Here are 10 things you didn't know about Richie Benaud

Benaud at the SCG in 2013. Photo: Ryan Pierse/ Getty.

Known for his impeccable knowledge of cricket, and an aggressive, daring Test captain for Australia, Richie Benaud was a well respected and admired Australian icon.

But, like anyone, there were aspects to this legendary commentator’s life than many may have not known.

Business Insider has dug through the archives to bring them to you. Vale, Richie.

He was born in Penrith, in Sydney’s west, and his dad was a handy bowler.

Benaud was born in Penrith on October 6, 1930, and despite being named Richard always went by the name Richie. His father – the driving force in supporting Benaud to pursue cricket – was a pretty handy leggie himself, once taking all 20 wickets in a Sydney grade match.

He loved his vegies, he loved his mum.

Benaud’s mother Irene died in 2008 at the age 104. She had also been a great supporter of Richie and his younger brother John throughout their cricket careers (John also played Test cricket for Australia). Benaud remembers fondly that she improved his love of vegetables by introducing the phrase: “You can’t go out and play cricket until you have eaten all your vegetables.”

At first he wasn’t allowed to bowl leg spin when he was younger because his hands were too small.

His father Lou, would not let Benaud bowl leg spin until he was 17 because he didn’t think Richie’s hands were big enough. Instead he was made to focus on line and length. Despite this, Benaud went on to become a world-class leggie.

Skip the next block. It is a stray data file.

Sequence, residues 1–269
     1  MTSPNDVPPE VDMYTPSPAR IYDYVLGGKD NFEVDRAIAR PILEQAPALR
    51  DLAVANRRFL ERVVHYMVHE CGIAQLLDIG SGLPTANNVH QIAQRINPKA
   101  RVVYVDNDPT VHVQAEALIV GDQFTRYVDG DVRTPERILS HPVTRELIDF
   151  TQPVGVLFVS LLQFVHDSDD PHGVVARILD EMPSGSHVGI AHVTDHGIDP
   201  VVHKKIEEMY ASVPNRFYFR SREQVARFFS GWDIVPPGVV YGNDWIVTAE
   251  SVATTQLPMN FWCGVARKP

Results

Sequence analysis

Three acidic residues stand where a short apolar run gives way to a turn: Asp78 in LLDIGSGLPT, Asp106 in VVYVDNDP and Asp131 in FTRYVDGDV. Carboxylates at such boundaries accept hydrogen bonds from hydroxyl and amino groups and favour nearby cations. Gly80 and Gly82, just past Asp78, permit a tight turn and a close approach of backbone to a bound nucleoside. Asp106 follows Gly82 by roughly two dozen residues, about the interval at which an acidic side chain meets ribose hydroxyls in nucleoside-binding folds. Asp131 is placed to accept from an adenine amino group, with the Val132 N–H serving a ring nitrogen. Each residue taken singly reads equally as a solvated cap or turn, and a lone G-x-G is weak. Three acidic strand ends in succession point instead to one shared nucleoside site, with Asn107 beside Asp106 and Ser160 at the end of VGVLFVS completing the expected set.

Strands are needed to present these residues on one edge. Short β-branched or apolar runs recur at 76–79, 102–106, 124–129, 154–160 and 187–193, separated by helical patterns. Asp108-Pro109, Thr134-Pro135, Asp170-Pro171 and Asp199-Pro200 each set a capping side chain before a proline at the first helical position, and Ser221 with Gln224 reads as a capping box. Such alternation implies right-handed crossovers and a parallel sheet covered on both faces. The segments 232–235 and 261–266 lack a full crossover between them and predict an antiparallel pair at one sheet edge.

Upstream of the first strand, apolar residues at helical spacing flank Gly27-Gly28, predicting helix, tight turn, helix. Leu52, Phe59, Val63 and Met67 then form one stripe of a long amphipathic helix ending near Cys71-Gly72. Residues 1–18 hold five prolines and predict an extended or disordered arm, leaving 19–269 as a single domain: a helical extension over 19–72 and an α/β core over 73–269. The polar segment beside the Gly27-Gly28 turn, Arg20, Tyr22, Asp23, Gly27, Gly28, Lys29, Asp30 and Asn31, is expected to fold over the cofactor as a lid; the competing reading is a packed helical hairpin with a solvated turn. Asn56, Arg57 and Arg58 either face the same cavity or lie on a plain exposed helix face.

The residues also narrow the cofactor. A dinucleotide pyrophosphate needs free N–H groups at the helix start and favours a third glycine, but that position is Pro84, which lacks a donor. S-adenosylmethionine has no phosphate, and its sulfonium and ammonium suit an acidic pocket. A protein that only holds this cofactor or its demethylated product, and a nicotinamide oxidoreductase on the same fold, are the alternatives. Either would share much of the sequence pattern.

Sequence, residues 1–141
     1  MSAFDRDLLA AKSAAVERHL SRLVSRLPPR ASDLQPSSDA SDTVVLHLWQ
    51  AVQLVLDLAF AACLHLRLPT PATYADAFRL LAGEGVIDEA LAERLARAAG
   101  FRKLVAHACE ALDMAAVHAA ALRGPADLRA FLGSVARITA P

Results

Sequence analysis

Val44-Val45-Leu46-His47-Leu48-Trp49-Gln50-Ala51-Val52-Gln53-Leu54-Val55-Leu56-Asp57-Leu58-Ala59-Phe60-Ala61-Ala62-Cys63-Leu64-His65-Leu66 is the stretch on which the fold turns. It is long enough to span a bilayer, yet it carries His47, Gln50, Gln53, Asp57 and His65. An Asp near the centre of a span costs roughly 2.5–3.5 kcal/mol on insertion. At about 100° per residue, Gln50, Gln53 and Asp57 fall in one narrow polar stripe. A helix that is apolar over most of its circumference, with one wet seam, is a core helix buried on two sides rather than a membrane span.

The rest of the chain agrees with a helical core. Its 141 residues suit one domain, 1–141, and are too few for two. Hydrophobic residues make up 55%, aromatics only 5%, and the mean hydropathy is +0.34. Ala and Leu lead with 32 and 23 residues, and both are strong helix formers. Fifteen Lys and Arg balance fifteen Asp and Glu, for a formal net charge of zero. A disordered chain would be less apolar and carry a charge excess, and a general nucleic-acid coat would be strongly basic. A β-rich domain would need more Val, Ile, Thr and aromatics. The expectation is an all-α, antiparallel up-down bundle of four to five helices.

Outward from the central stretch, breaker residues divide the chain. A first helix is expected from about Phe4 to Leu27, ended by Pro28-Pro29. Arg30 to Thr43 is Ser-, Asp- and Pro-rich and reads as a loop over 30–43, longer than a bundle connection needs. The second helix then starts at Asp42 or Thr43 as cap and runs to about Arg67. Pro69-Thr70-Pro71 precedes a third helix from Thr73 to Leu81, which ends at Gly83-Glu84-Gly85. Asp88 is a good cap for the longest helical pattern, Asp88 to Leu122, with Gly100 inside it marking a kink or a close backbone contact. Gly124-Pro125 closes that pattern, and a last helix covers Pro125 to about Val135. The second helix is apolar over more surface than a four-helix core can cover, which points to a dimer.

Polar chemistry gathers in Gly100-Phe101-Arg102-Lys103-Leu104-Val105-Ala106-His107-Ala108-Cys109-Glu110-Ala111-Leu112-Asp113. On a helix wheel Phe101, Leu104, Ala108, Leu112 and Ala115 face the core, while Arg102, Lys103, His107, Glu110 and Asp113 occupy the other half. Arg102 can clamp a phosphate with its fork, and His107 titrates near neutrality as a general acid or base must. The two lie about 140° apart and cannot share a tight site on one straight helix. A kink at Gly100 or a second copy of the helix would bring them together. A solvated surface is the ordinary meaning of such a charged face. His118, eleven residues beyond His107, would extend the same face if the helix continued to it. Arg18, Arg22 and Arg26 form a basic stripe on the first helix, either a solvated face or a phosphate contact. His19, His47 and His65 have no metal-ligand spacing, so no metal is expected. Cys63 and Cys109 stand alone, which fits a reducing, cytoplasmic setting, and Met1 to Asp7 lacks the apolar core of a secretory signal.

He’s been injured plenty of times, including a cracked skull.

While batting for NSW Second XI in Melbourne at the age of 18, Benaud was struck in the head above the right eye by a ball. He was sidelined for a year.

Benaud during a Test match against England in 1961. Photo: Getty Images

His career disappointment was never being able to play with “The Don”.

Benaud began his cricketing career just months after Bradman retired in 1948, so he never had the opportunity to play with the legend. “That’s something I’ve always had to live with,” he said, “But I had seen him play and he was – I’m assured by everyone that played with and against him – easily the best.”

He considers Sachin Tendulkar to be the best living cricket player.

“When I look at the modern day players.. my view is that the best player I have ever seen is Tendulkar. Not by much from Brian Lara… so there a lot of other players just a little bit below that level, but to choose one, it would be Tendulkar,” he said during a commentary cross on Channel Nine.

His iconic cream suit jacket was a fashion tip from Kerry Packer.

His trademark cream jacket, was an idea proposed by Kerry Packer. He suggested the look would differentiate Benaud from the rest of the commentary team.

Benaud commentating for Channel Nine. Photo: Ben Radford/ Allsport UK.

He has his own emoji – well, sort of.

British public-service television broadcaster Channel 4 worked with Benaud to create a web program called Desktop Richie. Once fans had downloaded the software they were treated to live Test match updates using real voice samples such as “Got ‘im!” and “That’s stumps… and time for a glass of something chilled” delivered by a cartoon Benaud.

He was almost a Logie winner.

In 1999, Benaud was recognised for his outstanding sports broadcasting by being nominated for a Logie. He was pipped at the post by Bruce McAvaney.

He is quite the actor, appearing in a We Love Lamb ad recently.

Benaud, along with iconic Australian figures like Captain Cook and Ned Kelly, appeared recently in the ultimate Australia Day ad, prompting lamb. It’s actually great. See it below.

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